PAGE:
French Strikes Leave Millions of Barrels of Oil Stuck on Tankers

A fleet of tankers carrying millions of barrels of oil is backed up off the coast of France as strikes over pension reform rumble on.

Vessels holding at least 14 millions of barrels of crude oil are currently floating off the country’s shores, according to tanker-tracking data compiled by Bloomberg. With strikes hampering port operations, supplies are being disrupted and some ships bringing in fuel have sailed to other countries.

France is heavily reliant on crude imports but the rate of arrivals more than halved so far this month, according to data compiled by Bloomberg from analytics firm Kpler. The country’s domestic fuel production from its oil refineries is simultaneously being crushed by strikes.

Union officials representing workers at TotalEnergies SE and ExxonMobil Corp., which between them run the vast majority of France’s fuel-making plants, said there is currently no end date for the strikes, which have been going on for weeks.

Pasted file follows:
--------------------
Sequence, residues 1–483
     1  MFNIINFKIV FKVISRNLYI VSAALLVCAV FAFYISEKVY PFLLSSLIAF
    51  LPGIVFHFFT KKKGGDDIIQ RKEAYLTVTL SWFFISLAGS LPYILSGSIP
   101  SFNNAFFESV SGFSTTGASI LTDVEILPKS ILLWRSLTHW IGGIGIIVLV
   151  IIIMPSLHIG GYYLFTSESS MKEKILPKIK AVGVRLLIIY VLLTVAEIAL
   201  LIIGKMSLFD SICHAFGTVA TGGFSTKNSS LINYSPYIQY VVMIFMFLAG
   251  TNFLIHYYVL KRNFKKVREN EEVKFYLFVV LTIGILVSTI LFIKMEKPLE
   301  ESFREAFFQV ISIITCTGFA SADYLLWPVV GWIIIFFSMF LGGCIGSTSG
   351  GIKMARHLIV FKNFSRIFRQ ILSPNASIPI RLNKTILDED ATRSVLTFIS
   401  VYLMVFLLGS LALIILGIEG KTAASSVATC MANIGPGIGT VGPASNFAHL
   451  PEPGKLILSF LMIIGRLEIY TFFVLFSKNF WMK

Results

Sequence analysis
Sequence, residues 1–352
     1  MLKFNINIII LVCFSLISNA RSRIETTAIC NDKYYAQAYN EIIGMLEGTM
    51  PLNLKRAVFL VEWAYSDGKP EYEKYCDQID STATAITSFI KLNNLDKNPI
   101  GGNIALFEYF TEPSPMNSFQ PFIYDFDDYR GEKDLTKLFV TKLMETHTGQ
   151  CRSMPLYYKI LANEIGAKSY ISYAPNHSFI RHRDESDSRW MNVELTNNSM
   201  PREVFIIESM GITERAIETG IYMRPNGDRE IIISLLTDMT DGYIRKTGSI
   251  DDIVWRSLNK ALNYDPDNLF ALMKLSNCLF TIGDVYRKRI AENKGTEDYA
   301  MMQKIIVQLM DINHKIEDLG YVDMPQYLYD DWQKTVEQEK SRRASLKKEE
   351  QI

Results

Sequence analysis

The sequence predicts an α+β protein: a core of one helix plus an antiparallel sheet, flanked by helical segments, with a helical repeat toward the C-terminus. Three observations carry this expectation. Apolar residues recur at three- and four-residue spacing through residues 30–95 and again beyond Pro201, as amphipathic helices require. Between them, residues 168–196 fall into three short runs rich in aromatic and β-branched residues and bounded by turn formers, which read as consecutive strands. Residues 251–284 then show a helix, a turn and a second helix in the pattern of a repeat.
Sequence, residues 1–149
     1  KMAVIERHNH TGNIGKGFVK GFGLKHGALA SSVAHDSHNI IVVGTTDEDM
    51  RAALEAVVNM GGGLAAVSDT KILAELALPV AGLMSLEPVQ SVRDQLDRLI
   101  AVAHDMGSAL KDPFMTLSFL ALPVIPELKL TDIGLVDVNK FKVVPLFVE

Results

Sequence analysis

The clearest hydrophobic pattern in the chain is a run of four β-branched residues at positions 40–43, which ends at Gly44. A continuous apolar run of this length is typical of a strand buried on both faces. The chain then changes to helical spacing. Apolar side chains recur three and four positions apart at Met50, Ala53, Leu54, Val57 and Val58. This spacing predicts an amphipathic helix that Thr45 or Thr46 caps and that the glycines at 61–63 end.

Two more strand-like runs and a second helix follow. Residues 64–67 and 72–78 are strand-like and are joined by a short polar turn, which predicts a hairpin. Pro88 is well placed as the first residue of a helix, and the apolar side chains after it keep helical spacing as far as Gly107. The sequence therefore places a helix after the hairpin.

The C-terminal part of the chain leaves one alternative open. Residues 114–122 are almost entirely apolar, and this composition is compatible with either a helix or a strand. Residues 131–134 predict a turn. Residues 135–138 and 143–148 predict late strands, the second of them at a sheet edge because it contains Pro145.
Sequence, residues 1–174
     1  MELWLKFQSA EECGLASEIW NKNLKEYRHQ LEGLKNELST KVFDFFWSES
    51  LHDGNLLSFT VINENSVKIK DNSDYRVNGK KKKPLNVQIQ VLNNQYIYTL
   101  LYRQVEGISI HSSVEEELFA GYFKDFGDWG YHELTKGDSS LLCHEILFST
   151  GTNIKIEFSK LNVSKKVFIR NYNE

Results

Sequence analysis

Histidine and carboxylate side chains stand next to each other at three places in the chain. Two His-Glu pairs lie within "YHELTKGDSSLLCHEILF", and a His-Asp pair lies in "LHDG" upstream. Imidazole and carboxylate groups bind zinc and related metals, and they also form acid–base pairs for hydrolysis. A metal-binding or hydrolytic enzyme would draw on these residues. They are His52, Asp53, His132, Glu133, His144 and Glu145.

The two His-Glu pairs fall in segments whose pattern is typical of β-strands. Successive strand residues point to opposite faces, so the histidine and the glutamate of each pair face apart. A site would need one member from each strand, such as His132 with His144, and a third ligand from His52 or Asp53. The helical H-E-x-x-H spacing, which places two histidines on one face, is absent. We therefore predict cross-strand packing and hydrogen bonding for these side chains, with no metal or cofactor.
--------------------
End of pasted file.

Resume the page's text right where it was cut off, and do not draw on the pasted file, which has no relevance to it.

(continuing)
Of the crude currently floating, about 11 million barrels is near Fos, a port on the country’s south coast where — along with neighboring Lavera — key oil terminals aren’t expected to carry out any tanker cargo operations until at least the end of the month.

France has sizable strategic fuel stockpiles, some of which it has been releasing to avoid shortages.

Traders have been trying to resell crude oil from Kazakhstan that would likely have gone into the French refining system. However, strong Asian demand for the barrels has prevented prices from sliding.

–With assistance from Sharon Cho, Sherry Su, Bill Lehane and Rachel Graham.

Photograph: Christophe Simon/AFP/Getty Images

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